Irnerius

From Wikipedia, the free encyclopedia
Jump to: navigation, search
For the saint with this name, see Himerius of Cremona.

Irnerius (c. 1050 – after 1125), sometimes referred to as lucerna juris ("lantern of the law"), was an Italian jurist, and founder of the School of Glossators and thus of the tradition of Medieval Roman Law. He taught the newly recovered Roman lawcode of Justinian I, the Corpus Juris Civilis, among the liberal arts at the University of Bologna, his native city. The recovery and revival of Roman law, taught first at Bologna in the 1070s, was a momentous event in European cultural history. Irnerius' interlinear glosses on the Corpus Juris Civilis stand at the beginnings of a European law that was written, systematic, comprehensive and rational, and based on Roman law.

Life[edit]

He was born in Bologna about 1050.

At the urging of Countess Matilda of Tuscany he began to devote himself to the study of jurisprudence, taking the Justinian code as a guide. After teaching jurisprudence for a short while in Rome he returned to Bologna, where he founded a new school of jurisprudence in 1084 or 1088, which would rival the law school of Ravenna.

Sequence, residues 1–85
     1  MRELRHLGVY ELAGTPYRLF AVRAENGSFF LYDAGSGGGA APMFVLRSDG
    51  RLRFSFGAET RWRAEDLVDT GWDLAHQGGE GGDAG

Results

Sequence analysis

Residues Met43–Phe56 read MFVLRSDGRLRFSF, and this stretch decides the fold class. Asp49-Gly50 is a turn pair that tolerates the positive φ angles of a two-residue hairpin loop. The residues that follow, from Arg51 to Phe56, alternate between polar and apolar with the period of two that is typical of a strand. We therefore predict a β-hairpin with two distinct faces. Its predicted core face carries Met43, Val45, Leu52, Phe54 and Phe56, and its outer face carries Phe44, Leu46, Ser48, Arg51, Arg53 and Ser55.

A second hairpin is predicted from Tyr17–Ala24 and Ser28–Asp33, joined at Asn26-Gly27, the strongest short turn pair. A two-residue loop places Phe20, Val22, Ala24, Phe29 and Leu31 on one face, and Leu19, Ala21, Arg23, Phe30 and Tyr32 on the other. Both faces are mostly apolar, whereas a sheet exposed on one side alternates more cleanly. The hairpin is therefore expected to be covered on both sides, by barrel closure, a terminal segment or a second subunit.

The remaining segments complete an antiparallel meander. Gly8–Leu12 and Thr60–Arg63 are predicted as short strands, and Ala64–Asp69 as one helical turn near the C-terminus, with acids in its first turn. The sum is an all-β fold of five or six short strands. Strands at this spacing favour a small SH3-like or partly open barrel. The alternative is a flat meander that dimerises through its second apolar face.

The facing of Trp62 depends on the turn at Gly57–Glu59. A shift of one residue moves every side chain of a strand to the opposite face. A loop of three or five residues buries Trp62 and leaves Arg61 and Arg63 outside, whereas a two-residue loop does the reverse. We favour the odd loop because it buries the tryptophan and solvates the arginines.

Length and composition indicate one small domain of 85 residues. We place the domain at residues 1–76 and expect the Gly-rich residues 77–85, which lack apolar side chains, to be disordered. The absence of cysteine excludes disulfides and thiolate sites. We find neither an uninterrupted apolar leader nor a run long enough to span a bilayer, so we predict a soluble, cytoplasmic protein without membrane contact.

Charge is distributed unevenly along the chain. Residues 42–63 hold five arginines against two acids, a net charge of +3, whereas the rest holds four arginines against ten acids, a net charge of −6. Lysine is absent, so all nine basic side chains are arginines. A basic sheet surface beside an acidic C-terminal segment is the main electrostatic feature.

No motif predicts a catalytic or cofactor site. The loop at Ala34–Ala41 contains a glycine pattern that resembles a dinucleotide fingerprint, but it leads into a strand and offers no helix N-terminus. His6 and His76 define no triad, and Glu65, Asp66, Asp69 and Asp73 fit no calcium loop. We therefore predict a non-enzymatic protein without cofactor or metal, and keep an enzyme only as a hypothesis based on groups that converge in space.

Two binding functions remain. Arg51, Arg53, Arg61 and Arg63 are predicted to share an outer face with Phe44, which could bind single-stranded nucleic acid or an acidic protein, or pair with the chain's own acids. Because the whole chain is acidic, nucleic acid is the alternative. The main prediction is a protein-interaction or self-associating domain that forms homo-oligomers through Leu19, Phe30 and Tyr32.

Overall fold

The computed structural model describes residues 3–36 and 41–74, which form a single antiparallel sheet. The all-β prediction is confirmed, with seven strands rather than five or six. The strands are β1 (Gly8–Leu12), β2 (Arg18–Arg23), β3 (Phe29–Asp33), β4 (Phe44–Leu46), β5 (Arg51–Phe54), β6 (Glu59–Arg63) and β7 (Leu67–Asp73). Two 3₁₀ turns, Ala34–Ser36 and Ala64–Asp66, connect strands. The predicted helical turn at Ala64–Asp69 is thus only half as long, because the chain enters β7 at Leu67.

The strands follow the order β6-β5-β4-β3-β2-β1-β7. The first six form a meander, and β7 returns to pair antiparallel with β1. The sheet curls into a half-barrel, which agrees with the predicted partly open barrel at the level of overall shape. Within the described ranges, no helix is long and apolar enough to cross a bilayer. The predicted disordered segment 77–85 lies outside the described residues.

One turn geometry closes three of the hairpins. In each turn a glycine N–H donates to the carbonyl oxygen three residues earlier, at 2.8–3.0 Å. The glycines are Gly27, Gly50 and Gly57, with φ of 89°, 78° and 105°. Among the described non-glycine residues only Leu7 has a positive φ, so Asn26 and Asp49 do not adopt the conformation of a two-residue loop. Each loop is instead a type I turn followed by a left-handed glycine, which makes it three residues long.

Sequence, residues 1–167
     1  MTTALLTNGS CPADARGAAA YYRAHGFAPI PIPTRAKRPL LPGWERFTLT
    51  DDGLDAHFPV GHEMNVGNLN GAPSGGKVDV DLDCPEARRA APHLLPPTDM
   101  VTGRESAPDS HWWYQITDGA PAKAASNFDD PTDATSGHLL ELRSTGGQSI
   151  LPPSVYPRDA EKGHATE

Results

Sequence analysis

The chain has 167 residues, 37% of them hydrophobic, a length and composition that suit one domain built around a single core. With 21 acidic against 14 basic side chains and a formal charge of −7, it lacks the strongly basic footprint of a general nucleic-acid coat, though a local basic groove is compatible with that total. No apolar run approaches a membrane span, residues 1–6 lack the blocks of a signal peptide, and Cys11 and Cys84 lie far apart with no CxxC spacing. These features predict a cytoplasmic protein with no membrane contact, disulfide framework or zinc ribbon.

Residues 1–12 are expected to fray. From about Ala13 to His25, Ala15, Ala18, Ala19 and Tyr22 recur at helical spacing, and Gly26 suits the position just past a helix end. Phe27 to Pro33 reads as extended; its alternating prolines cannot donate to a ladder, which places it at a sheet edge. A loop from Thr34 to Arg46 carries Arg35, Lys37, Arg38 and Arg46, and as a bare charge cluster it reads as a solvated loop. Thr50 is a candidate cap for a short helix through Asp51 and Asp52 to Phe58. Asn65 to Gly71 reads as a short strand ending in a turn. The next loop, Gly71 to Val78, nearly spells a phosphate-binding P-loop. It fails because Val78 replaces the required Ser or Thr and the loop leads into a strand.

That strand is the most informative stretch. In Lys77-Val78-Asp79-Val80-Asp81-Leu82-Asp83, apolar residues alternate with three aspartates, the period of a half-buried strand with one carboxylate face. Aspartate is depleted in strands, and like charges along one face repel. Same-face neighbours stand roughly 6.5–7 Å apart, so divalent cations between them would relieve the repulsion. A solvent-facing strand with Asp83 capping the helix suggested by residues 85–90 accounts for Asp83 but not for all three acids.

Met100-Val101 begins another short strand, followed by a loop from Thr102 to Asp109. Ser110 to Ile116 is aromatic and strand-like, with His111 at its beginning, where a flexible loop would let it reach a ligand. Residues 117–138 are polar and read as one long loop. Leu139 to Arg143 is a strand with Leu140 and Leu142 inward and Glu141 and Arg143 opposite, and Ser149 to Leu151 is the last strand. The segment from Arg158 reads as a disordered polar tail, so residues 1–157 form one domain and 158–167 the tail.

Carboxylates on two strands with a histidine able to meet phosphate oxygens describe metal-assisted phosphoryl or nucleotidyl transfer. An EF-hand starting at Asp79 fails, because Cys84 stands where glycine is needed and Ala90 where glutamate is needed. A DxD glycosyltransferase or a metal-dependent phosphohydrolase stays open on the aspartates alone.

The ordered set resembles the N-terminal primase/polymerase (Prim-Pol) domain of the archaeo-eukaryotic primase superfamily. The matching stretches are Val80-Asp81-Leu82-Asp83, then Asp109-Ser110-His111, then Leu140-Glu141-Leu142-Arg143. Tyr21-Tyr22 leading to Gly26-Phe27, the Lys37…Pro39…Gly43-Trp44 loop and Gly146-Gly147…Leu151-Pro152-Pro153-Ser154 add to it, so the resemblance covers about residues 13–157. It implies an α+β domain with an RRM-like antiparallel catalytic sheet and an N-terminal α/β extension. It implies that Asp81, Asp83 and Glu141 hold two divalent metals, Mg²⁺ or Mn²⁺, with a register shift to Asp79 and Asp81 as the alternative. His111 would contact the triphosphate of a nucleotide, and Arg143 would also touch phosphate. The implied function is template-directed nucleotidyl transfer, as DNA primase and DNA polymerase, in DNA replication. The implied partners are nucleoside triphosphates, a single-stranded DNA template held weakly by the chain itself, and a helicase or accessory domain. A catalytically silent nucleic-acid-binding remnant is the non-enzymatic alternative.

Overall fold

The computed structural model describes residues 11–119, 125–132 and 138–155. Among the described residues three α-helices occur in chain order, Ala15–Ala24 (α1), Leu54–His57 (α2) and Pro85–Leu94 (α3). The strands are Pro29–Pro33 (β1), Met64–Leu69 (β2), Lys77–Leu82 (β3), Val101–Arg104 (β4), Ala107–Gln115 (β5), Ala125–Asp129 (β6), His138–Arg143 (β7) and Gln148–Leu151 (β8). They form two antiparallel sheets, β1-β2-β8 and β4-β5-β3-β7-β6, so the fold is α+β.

Some jurisprudence had been taught at Bologna, before Irnerius founded his school, by Pepo and a few others, and a tradition of jurisprudence had developed at Pavia since the mid-ninth century.[1] He introduced the custom of explaining the Roman law by means of glosses, which originally were meagre interlinear elucidations of the text. But since the glosses were often too extensive to be inserted between the lines of the text, he began to write them on the margin of the page, thus being the first to introduce the marginal glosses which afterwards came into general use.

After the death of Pope Paschal II, he defended the rights of Emperor Henry V in the papal election and upheld the legality of the election of the imperial antipope Gregory VIII. After 1116 he appears to have held some office under the emperor. He died, perhaps during the reign of the emperor Lothair II, but certainly before 1140.